In that situation the corporation commenced business on October 1, 1947, with Martin as president and manager, Bartlett as treasurer, Schumacher as secretary, and plaintiff as vice-president. It was understood, however, that plaintiff would not have any duties or responsibility with reference to bookkeeping or management, and that all checks would be signed and all financial matters of the corporation would be performed by Bartlett and Schumacher. The office of the corporation was a short time thereafter moved from Bartlett and Company offices to a room in a building on North 11th Street owned by or under their management, for the use of which the corporation paid them $150 a month rental. Martin and plaintiff were employed by the corporation at an hourly rate.

The business of the corporation speedily expanded in volume, a large part of which was done by the corporation in furnishing labor and materials for heating and plumbing installations in remodeling a Bartlett and Schumacher apartment building. The corporation also acquired a substantial inventory of equipment, merchandise, and supplies, in the sale of which it was stipulated that the corporation charged its customers a profit of 30 percent, with an additional 20 percent for overhead. It was also stipulated that it charged an overwrite of 50 cents an hour on all labor supplied, except plumbers, for which it charged an overwrite of 62½ cents an hour. The corporation at times had as many as 27 employees.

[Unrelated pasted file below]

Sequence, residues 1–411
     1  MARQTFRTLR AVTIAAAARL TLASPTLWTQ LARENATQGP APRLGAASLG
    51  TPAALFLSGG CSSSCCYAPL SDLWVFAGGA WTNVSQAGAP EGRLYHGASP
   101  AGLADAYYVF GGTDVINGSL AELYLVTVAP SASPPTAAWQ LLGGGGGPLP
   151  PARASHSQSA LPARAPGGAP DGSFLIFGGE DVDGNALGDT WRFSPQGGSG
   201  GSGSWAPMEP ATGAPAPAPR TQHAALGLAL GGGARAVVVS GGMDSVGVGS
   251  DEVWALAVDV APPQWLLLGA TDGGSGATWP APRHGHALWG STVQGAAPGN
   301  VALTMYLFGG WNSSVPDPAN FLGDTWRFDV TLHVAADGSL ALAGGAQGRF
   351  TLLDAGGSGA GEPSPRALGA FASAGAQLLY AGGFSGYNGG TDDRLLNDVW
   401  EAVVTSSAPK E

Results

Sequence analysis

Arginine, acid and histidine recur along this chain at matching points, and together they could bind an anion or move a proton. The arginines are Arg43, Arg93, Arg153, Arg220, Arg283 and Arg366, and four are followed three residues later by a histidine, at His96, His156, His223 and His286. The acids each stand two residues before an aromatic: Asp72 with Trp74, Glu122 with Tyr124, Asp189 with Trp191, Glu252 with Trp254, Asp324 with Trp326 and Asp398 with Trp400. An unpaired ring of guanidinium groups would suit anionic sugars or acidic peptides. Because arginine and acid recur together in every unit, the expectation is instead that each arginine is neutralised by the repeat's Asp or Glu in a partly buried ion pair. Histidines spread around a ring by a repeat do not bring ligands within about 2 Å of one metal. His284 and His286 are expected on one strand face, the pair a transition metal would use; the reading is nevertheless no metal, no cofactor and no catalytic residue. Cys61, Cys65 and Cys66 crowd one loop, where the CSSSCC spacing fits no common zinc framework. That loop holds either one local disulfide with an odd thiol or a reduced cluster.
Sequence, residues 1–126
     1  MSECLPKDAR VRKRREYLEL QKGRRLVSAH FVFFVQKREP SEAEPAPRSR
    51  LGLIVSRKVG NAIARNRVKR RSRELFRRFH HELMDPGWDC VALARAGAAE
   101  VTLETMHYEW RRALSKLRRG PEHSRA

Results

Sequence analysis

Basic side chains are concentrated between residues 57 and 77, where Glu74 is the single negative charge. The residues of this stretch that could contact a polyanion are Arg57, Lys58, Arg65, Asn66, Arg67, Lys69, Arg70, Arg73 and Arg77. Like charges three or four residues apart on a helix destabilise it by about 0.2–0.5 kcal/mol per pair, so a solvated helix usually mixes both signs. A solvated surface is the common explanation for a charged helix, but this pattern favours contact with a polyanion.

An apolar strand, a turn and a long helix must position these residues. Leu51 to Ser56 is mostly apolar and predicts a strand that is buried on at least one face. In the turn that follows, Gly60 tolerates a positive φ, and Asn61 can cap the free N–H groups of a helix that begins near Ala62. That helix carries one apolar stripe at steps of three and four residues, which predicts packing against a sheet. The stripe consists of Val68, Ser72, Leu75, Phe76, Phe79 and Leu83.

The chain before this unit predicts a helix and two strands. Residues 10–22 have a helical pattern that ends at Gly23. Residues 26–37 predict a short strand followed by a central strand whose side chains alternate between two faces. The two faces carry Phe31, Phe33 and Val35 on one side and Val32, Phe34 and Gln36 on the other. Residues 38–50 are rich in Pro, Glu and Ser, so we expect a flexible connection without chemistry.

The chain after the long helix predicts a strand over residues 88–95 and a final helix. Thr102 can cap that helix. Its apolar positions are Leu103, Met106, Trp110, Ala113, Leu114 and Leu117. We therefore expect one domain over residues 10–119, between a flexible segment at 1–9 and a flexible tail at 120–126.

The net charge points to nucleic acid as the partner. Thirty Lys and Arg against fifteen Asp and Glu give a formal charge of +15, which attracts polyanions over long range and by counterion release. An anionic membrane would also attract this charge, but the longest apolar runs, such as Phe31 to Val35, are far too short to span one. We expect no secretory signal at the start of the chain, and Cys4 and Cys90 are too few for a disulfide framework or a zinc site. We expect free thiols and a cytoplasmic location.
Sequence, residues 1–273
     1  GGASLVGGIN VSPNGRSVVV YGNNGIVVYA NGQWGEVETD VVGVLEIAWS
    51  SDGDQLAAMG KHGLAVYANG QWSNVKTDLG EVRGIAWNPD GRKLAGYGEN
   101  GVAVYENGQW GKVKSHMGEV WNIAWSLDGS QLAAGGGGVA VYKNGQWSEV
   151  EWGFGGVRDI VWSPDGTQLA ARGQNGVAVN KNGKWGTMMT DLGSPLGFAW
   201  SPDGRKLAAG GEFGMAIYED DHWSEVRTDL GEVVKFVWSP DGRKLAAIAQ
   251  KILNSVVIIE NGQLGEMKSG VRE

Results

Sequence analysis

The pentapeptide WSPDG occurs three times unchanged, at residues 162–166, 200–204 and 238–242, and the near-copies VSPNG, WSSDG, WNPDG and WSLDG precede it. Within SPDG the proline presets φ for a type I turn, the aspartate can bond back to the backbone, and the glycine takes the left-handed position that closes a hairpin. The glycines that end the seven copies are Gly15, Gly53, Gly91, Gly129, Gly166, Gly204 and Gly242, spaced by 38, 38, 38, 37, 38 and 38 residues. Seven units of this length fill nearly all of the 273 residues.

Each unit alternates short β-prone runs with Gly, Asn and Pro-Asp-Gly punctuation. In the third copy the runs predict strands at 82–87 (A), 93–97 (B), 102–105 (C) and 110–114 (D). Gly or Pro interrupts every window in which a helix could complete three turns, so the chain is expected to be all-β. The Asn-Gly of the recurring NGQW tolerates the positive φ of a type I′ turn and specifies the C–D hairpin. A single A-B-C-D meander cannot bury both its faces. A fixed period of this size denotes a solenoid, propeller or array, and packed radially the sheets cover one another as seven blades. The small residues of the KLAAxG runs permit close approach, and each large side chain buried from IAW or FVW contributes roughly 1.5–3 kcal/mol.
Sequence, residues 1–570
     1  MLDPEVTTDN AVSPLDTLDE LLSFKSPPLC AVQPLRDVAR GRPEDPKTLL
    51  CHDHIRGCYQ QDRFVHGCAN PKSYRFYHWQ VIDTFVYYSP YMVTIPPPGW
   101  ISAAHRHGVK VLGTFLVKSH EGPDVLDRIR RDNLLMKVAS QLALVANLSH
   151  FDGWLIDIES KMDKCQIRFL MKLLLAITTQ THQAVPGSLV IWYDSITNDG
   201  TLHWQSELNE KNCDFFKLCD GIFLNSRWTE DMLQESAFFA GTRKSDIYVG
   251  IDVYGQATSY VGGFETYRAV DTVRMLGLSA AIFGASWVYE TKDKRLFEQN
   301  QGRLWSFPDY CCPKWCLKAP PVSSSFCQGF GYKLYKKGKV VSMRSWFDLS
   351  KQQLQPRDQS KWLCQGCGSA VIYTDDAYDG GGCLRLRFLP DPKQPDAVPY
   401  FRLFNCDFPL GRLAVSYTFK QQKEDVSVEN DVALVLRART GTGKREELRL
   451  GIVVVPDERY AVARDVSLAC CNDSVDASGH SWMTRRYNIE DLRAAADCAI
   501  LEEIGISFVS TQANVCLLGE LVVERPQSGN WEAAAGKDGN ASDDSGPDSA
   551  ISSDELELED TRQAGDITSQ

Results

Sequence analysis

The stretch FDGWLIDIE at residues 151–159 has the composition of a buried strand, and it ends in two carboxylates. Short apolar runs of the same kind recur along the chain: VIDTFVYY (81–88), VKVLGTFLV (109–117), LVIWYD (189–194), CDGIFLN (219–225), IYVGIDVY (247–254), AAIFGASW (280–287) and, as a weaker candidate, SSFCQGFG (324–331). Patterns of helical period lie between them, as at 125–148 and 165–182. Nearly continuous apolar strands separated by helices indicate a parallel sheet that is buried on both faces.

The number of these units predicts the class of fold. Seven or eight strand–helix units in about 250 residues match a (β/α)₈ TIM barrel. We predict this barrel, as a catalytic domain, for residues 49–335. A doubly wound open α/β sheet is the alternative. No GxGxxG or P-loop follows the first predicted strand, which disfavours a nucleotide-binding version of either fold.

During the period from October 1, 1947, to January 1, 1949, plaintiff from time to *381 time made requests of the several defendants for financial reports and information relating to progress of the corporation's affairs. Upon such occasions, Bartlett told plaintiff: "`I don't know why you want a financial report because we have not got any surplus, we have not made any money, if hadn't been for me loaning the Company money we would have been closed a long time ago'. * * * What do you want a report for? We have made no money." When Martin was asked for a report, he said: "That there wasn't one, didn't have one ready, and so forth, yet." In that situation, plaintiff never was furnished or saw any of the reports, audits, financial statements, bank records, or other memoranda relating to the financial situation of the company.